Faces in the crowd: Mary Moss
Never in her life did she imagine herself nicknamed the “Summit Saint,” and at no time did she think her life would touch the hearts of so many people with whom she works with.
But Mary Moss, a 13-year grooming professional, has made a difference in her own life, as well as in others’ lives.
Moss, a Marysville native and Donner Summit resident, works nearly around the clock to support her family as a single mother. She grooms animals by day and cleans houses by night.
“I’m looking forward to slowing down some day,” the 44-year-old said. “It would be nice to spend more time with my family. Even though I’m struggling now, I know my efforts will pay off.”
Moss, an independent contractor, has been with the Sierra Pet Clinic for more than five years and said she has experienced just about all she could imagine.
“I’ve had my fingers bitten through, had a finger almost bitten off and have found some pretty strange things in some of the dogs’ coats,” she said. “I’ve found beetles, spiders and fish hooks, that looked large enough to catch sharks with.”
Moss said her job as a groomer is an adventure because of the different personalities of her customers’ pets.
“I love my job here,” she said. “I’m so thankful to be able to work with such a great group of people.”
Her ability to be appreciate life despite adversity is what Donner Summit’s Kathy Frisby saw as Moss’ special trait.
“Everyone can learn from Mary’s positive attitude,” Frisby wrote in her “Faces in the crowd” nomination letter. “She is a reminder to all of us to be thankful for the simplest things in life.”
Frisby, who is a realtor, is more than familiar with Moss’ contributions to her community. Moss cleans vacation homes for Frisby and once walked five miles in a blizzard to make sure a home was cleaned.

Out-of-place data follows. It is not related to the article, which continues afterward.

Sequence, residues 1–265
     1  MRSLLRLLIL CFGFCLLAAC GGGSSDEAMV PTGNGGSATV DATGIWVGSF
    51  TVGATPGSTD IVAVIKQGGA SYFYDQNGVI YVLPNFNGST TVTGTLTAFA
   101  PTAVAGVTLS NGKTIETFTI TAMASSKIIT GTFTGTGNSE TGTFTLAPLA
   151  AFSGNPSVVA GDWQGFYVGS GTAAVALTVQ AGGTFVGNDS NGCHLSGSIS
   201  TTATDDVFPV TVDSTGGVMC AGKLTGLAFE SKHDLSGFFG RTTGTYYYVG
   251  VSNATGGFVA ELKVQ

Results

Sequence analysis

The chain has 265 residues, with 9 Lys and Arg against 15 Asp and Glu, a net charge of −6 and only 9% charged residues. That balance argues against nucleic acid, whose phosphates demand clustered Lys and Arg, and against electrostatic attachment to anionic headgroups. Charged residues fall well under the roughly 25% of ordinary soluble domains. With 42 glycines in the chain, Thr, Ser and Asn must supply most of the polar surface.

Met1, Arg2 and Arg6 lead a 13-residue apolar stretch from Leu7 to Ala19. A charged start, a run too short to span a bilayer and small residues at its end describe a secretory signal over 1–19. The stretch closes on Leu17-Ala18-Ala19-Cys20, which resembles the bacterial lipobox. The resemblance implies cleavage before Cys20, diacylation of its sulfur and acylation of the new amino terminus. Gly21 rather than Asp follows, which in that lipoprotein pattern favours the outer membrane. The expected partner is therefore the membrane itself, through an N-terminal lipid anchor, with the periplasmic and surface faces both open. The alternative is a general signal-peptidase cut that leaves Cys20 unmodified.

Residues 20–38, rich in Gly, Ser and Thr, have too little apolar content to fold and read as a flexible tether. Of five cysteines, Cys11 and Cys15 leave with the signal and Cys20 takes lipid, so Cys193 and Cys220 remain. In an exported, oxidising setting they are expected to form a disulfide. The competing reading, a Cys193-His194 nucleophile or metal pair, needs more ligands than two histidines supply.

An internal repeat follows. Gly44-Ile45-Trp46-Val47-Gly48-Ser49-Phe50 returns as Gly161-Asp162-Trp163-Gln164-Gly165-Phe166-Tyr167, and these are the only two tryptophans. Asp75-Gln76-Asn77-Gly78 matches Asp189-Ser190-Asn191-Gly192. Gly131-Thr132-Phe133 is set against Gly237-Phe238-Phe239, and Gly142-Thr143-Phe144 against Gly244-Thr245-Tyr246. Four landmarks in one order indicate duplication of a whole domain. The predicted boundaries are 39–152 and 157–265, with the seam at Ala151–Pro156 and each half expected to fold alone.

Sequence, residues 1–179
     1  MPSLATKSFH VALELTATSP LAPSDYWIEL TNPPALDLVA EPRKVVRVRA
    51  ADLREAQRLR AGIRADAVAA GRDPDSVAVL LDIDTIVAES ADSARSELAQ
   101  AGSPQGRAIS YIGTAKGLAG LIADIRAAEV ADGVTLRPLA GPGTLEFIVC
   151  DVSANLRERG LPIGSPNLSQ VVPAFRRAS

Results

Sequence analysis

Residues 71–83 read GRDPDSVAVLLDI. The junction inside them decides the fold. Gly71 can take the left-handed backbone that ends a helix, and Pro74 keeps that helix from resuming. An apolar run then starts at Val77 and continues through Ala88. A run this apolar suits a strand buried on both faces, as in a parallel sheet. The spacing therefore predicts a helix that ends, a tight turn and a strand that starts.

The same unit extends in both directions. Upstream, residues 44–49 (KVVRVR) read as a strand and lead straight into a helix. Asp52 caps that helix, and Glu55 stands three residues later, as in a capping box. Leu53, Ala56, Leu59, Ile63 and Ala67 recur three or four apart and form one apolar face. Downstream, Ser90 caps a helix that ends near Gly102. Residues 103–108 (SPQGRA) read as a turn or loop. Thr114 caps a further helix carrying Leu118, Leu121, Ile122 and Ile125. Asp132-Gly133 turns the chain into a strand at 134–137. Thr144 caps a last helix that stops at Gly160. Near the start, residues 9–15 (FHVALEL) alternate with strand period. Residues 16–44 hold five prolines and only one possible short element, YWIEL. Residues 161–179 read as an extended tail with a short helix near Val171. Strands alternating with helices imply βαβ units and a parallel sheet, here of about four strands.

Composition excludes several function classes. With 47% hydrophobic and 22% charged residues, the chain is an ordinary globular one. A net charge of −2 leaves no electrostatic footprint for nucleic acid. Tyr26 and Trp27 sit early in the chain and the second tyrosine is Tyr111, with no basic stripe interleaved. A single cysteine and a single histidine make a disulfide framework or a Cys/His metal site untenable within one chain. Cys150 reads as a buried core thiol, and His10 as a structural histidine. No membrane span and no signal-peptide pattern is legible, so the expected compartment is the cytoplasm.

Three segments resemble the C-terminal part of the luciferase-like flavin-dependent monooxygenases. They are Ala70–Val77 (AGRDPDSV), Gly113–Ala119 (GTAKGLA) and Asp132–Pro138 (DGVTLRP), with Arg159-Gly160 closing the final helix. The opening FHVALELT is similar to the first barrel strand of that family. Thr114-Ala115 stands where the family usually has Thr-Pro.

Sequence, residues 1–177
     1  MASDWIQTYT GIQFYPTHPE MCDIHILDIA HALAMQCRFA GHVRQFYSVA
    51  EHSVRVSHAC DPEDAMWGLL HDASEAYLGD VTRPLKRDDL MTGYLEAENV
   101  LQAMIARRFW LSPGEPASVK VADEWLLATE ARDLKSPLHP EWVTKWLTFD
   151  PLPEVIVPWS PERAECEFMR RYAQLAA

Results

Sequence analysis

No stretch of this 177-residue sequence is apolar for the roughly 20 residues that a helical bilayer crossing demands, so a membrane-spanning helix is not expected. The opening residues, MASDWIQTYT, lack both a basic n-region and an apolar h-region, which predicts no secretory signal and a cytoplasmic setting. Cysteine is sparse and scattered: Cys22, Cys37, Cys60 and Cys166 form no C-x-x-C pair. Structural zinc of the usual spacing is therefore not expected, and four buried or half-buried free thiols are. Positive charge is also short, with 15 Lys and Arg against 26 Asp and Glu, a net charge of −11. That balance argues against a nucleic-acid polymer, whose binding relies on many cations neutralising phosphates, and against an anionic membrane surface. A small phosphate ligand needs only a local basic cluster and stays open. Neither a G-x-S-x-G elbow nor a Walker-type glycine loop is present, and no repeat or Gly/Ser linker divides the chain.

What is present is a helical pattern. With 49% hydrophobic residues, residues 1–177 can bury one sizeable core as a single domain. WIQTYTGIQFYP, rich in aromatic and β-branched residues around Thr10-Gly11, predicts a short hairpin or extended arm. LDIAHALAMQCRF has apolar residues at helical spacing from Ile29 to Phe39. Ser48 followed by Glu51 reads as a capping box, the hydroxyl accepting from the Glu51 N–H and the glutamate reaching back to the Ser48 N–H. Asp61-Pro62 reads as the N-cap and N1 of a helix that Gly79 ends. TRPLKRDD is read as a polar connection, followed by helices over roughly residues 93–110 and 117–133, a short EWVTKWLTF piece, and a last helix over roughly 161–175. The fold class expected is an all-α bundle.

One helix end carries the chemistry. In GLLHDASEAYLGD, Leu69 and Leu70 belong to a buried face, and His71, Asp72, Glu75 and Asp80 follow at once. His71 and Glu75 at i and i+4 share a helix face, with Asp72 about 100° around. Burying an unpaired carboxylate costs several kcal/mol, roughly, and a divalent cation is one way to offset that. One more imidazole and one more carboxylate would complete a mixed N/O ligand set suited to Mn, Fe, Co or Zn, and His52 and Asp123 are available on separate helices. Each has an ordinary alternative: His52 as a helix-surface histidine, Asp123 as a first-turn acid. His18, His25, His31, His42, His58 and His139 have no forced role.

“I guarantee every job I do, whether it is grooming a dog or cleaning a house,” Moss said. “I respect Kathy so much and I would never let her down. If I say I’m going to do a job, I get it done even if it means walking through a blizzard.”
This is not always an easy task for Moss. She has been suffering with a tumor “the size of a grapefruit” for five years and is often in pain.
“There’s nothing I can do (for the tumor) right now,” she said. “I’ve been trying to save up enough money for the operation, but every year it gets more expensive. I think I’m going to have to look for other means to pay now. I can’t wait much longer.”
Nothing can stop her, not even the unruly dogs and cats she sometimes must wrestle with.
“If there’s a will there’s a way,” she said. “I just want to make sure everyone is taken care of.”
First on her list is her family – daughter Lindsay, 14, who attends Sierra Mountain Middle School; son Kiley “Q.,” 23, who just returned from duty in the Army’s special forces and is schooling at Chico State University; and Matthew, 25, who works for Nevada County.
“My kids have gotten me through the worst of times,” she said. “I’m so thankful that they are OK. I’ve realized that it is so easy to lose someone.”
Moss lost her husband to inoperable bone cancer, and lost relatives and friends to unexpected deaths
“You’ve got to have faith,” she said. “I’ve learned that I just need to be who I am and not stress about everything. I’m ‘kookier’ than heck.”
Back in Marysville, Moss was known as “Bugsy” because of her love of bugs.
“No one up here knows my nickname,” she said. “Well, I guess they will now.”
Moss said the bigger the bug, the better it was. She said she would still like to find a Japanese beetle for a long-gone collection she had as a teen.
“My mom thought it was weird that I collected bugs,” she said. “So she got rid of them.”
One thing people on the Summit know is Moss’ hard work and dedication.
“I didn’t realize that people around me took notice of what I was doing or how I was feeling,” she said. “I’m so surprised that Kathy noticed so much.
“She (Kathy) is my saint and my savior. I have never had a better friend.”
(Do you know someone who stands out from the crowd? As Andy Warhol said, everyone deserves at least 15 minutes of fame. To nominate a “face in the crowd,” contact Sherry Mays at 587-6061 or send a note to P.O. Box 2973, Truckee, CA 96160.)
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Nevada County is now likely to remain in the red tier barring “extenuating circumstances,” thanks to changes to the state’s reopening blueprint announced this week.